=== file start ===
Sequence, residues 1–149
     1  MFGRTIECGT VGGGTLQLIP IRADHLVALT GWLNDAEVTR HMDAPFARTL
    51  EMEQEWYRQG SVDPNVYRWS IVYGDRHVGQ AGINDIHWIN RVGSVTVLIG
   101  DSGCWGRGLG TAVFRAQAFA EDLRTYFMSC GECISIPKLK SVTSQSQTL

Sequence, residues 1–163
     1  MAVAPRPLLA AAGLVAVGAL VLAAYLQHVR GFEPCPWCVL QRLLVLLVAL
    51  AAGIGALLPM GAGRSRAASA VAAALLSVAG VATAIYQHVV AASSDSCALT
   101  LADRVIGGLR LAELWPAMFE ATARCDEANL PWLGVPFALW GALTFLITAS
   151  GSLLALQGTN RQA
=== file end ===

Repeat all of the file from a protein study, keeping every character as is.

Sequence, residues 1–149
     1  MFGRTIECGT VGGGTLQLIP IRADHLVALT GWLNDAEVTR HMDAPFARTL
    51  EMEQEWYRQG SVDPNVYRWS IVYGDRHVGQ AGINDIHWIN RVGSVTVLIG
   101  DSGCWGRGLG TAVFRAQAFA EDLRTYFMSC GECISIPKLK SVTSQSQTL

Sequence, residues 1–163
     1  MAVAPRPLLA AAGLVAVGAL VLAAYLQHVR GFEPCPWCVL QRLLVLLVAL
    51  AAGIGALLPM GAGRSRAASA VAAALLSVAG VATAIYQHVV AASSDSCALT
   101  LADRVIGGLR LAELWPAMFE ATARCDEANL PWLGVPFALW GALTFLITAS
   151  GSLLALQGTN RQA